Recognizing the necessity of upgrading facilities and curricula in manufacturing and electronics systems, a
modernization committee was formed in 1996, comprised of representatives from several College departments. One of the recommended additions was a new state-of-the-art lab in assembly automation, based on open-architecture
technologies. The new lab is named the Electronics Assembly & Automation Laboratory (EAAL).
This modern facility serves both education and
research by bringing unique prototyping flexibility to small parts assembly (designed for small batch runs). The new lab purposefully integrates open systems architectures/devices, rather than dedicated devices with proprietary
programming and control interfaces. The system is organized around reconfigurable modular components for small batch assembly of compact parts such as IC boards, or small mechanical parts.
After 10 months of design EAAL will
be brought on-line during the Fall, 1997, and be fully functional in 1999. Although maintained primarily by the MFET Dept., it will serve several departments within the College and is sure to motivate interdisciplinary activities
across the University.
Access is managed by an interdepartmental EAAL Committee. Internal access to
classes and research groups is governed by a set of access rules developed by the EAAL Committee. Trevor Gerber is responsible for the maintenance of EAAL software and hardware.
External access may be provided to groups
interested in funding new assembly and automation methods by contacting an EAAL committee member. The lab will entertain prototyping projects from industry and government that require the testing of new assembly methods or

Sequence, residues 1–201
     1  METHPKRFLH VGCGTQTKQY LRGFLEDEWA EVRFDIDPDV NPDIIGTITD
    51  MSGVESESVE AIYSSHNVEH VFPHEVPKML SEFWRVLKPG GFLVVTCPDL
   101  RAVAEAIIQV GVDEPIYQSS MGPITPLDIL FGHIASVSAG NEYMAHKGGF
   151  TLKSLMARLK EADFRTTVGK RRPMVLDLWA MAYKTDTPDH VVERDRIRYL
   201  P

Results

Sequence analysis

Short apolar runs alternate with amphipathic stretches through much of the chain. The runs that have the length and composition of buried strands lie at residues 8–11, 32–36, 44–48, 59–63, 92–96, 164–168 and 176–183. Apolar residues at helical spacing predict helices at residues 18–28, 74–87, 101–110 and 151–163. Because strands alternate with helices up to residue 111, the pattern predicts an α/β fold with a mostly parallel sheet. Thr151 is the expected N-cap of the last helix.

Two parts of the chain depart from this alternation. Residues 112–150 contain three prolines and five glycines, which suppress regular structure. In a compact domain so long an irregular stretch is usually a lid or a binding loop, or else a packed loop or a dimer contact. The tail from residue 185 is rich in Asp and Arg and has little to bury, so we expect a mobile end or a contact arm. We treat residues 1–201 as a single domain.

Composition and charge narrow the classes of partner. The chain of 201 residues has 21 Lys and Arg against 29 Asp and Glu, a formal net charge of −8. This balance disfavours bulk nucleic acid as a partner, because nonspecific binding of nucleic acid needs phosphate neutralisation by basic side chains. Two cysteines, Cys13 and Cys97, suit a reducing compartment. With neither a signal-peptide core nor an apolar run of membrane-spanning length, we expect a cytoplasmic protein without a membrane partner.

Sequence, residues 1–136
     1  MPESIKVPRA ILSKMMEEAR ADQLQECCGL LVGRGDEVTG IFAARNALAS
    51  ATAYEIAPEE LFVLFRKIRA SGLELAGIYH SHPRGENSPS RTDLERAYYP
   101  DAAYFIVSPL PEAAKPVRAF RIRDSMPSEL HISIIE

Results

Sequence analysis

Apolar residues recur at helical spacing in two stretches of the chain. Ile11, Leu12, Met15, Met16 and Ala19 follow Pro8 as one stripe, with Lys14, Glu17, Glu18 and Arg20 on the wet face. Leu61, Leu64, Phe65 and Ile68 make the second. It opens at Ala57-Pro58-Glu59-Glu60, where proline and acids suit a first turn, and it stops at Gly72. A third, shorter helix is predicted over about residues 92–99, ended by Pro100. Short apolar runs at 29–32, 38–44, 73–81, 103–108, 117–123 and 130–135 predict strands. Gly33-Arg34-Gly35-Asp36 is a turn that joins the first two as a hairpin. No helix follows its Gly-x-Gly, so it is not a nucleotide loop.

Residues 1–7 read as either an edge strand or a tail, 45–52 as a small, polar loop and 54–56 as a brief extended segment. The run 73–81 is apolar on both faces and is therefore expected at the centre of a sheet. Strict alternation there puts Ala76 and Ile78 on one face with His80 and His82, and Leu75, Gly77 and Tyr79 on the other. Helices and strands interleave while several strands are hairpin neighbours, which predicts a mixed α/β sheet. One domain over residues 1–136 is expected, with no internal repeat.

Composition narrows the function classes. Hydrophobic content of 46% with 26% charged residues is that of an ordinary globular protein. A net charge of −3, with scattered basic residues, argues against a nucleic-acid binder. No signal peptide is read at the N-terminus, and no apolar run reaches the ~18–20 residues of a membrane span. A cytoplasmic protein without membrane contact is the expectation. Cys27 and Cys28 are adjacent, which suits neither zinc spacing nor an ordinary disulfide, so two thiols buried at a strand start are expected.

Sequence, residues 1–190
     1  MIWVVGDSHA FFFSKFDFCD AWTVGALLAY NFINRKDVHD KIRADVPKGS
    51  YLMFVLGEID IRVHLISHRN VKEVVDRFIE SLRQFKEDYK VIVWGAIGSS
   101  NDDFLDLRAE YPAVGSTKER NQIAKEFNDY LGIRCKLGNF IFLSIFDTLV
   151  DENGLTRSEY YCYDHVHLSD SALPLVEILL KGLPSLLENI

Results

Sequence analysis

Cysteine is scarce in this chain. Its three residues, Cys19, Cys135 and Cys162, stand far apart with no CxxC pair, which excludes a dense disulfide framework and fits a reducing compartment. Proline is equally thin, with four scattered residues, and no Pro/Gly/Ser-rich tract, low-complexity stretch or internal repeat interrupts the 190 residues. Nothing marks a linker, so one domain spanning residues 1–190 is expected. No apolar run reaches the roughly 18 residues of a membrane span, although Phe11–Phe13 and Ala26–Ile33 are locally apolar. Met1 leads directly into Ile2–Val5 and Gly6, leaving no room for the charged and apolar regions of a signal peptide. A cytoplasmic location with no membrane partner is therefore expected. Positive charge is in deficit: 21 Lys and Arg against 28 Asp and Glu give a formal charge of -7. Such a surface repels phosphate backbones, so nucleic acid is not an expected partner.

assembly of a novel new product. The lab is not configured for commercial work in competition with industry.
The lab is always
interested in donations of modern automation software and hardware. Again, contact us to apprise us of donation opportunities.
be happy to arrange tours for visitors from industry and government. Email/call any of the EAAL Committee members to make arrangements.
Edward Red (ME)- ChairmanPerry Carter
(MET) Mark Evans
(ME) Barry Lunt (EET) Richard Helps (EET)
- Panasonic IC component tape feeders (Panasert)
- XM robots (Seiko Robotics)
- AMC Conveyor Systems (Automation & Modular Components)
- Dell NT Pentium Pro Workstations
- Profibus Cards (Synergetic)
- Profibus I/O Modules (Wago, Inc.)
- PLC's (PLC Direct)
- Glue & solder dispensers (Techon Systems, Inc.)
- Reflow oven (MannCorp)
- Bowl feeder (Automation Devices)
- Pneumatic actuators and tooling (Pneumatrek and SMC)
- Vision cameras and accessories (Richardson Electronics)
- Electronics rework station (Pace)
- Barcode readers (Metrologic Instruments)
- CODE (Cimetrix)
- VisionBlox (Integral Vision)
- SPEL Programming Interface (Seiko Robotics)
- Fieldbus device driver (Synergetic)
- NetObjects Fusion (NetObjects)
- Visual Cafe Pro (Symantec)
- Visual C++/Basic (Microsoft)
This laboratory has been funded by capital equipment grants from the University as dispersed by the
College of Engineering and Technology and by substantial discounts and grants from industry. We gratefully acknowledge the University, College, and suppliers for their grants and discounts.